Wednesday, 21 January 2015


Milk prices have crashed under pressure from a combination of rising supply and falling demand, particularly as a result of lower-than-expected demand from China and Russia's ban on food imports. One factor that few people saw coming was Moscow's decision to ban EU dairy products, taken in response to sanctions over the Ukraine conflict, this has led to some 2.5 billion litres of milk not being sold in Russia.

The House of Commons Environment, Food and Rural Affairs Committee has revealed that Dairy farmers are being forced out of business every week by factors beyond their control. The Committee has called for the powers of the government's groceries watchdog to be expanded to cover dairy suppliers; The Westminster government has said that it was doing all it could to help farmers cope with the "volatility of the global market".

Despite all the rhetoric, I don’t expect the current or successive Westminster UK Governments to take any meaningful action to help our dairy farmers (or any of our farmers for that matter). Previous failures to act, I suspect are due to a combination of nice financial inducements from large Supermarkets and a more marked indifference to the agricultural sector.

At the end of the day if we want quality milk and dairy products (produced from UK milk or better made in Wales) then we will have to change the way we buy, then our farmers will get a better deal and we will get a quality product. One consequence of how we buy and how our milk is produced for us and how it is sold to us is that the number of dairy farmers in Wales dropped by a third in five years (up to December 2009) and this was despite repeated warnings that more needed to be done to save the industry.  

Before our farmers, dairy or otherwise, are driven out of business entirely they need action not words. If our governments at all levels (including the as far as agriculture is concerned apparently indifferent Labour in Wales run Welsh Government) do nothing then the future for agriculture may be grim, semi industrial and serviced by cheap (and probably exploited) migrant workers. Industrial milk production much trumpeted by some as the saviour of the dairy industry but it is not without its problems

There are waste issues, slurry production being one of them, which can be enormously toxic and environmentally damaging. There are also likely to be animal welfare issues when it comes to industrial farming. Modern cows to produce large amounts of cheap milk, a modern Frisian may produce as much 4 times as much milk as equivalent cows did 50 years but it only has three (milking years) in which to do this.

Historically the old answer to low milk prices or a surplus was to turn excess milk into other dairy products, like butter, cream, cheese and yoghurt's. The problem we in Wales face is that many local Welsh dairies serving our urban centres are no longer in business – some around Cardiff were bought up and sold off for housing and diary operations in some areas relocated outside of Wales. This means that we in Wales miss out, as Dairy products are potentially big business as some of our more successful smaller organic producers have proved.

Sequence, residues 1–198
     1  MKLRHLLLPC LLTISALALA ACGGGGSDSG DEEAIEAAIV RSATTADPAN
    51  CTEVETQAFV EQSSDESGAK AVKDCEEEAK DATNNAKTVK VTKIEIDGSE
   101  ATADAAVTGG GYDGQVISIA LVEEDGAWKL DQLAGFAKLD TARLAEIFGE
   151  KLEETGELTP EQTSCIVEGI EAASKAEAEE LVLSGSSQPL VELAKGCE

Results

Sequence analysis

The development of railway communications during the industrial revolution provided the means for rapid delivery of farmer’s milk to towns and cities and lead to a growth of diary production. The milkman delivered direct to our doorsteps, his near demise came later as a direct result of super market price-cutting which has now, more or less, effectively killed him off. The decimation of rural railways following a Conservative Government (questionably motivated) decision to favour road transport weakened the very infrastructure that had driven an expansion of the dairy industry. 

A 29 or 30 pence (gate price) litre of milk may end up being sold for 15 times as much, people pay good money for ‘health yogurt’ – which with the addition of bacteria, flavouring and a marketing campaign produce healthy profits for the companies that produce them. We have some excellent and very successful companies and producers doing just that, but, this potentially profitable sector of the agricultural economy in Wales is undeveloped. 

As for buying local - around 40 per cent of our yogurt is made in France and Belgium, in 2009 more than 40 per cent of all Cheddar sold in the UK was actually produced outside of the UK. Yogurt and cheese aside; its a pretty similar story when it comes to butter. The bulk of our butter comes from Denmark and Ireland, and this is despite the fact that farm gate prices for milk remain consistently higher in Europe than here in the UK.

We (in the UK) when compared with eleven years ago now import almost half of our butter from abroad, cheese imports are also up, some 60 per cent over the last eleven years (up to 2012). We are importing products that have added-value and are busy exporting the low-value milk products which are then ironically turned into butter, yogurt, etc and sold right back to us. 

This is madness; this is what happens in the developing or third world, not in the first world. In the developing world many countries have little choice but to export their raw commodities cheaply and then have little or no choice other than to buy back manufactured products made from their own raw materials.

Over the last 10 years Supermarkets’ margins (e.g. the amount of the price they take) on milk have doubled. Now with a trend for both the processor and retailer to be the same, we have a situation where they take over three quarters of the price of a pint. We have now reached the situation where in a land once renowned for Dairy farming and with cheap milk, we are becoming a net importer of milk. There is little point in hoping that the Con Dem Government (or a future New Labour one) will get its act together because they just won't.

No comments:

Post a Comment